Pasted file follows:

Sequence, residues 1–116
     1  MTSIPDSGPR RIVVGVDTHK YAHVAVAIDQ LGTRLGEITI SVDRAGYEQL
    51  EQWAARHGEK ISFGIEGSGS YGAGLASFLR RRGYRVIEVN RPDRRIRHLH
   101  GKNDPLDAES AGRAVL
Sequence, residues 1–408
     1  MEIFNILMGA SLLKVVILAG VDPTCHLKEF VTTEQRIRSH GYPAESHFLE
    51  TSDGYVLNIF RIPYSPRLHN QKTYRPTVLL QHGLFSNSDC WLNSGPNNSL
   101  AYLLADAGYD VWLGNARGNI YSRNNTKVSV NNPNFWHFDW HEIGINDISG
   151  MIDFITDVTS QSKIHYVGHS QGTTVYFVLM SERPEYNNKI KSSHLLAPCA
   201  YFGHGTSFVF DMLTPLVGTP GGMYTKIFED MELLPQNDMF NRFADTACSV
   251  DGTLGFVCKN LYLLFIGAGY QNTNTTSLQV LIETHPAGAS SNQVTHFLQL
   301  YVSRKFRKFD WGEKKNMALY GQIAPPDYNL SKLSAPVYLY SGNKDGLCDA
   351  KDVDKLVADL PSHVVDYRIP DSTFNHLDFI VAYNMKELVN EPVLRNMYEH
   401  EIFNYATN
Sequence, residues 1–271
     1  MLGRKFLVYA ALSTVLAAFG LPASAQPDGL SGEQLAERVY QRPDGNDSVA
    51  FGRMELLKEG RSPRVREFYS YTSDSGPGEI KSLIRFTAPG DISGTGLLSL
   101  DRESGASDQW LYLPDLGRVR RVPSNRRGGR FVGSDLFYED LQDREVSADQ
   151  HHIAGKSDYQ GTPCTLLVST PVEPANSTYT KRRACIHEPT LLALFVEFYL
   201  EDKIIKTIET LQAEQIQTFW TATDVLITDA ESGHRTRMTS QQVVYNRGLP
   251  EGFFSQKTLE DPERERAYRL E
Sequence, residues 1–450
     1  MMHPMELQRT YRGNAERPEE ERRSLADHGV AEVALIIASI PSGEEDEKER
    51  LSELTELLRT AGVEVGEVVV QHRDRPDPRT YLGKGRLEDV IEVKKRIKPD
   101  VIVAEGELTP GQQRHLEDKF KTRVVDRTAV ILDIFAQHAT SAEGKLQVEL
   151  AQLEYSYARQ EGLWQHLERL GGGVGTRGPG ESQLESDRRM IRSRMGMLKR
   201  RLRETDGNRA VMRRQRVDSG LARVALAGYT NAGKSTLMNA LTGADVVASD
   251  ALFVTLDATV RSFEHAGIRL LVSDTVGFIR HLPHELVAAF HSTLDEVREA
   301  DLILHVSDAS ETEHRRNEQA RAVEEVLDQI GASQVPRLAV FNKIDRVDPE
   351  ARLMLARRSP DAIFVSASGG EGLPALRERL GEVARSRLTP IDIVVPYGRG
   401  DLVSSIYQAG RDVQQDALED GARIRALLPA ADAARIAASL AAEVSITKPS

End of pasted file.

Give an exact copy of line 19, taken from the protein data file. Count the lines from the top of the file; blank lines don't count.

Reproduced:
   151  HHIAGKSDYQ GTPCTLLVST PVEPANSTYT KRRACIHEPT LLALFVEFYL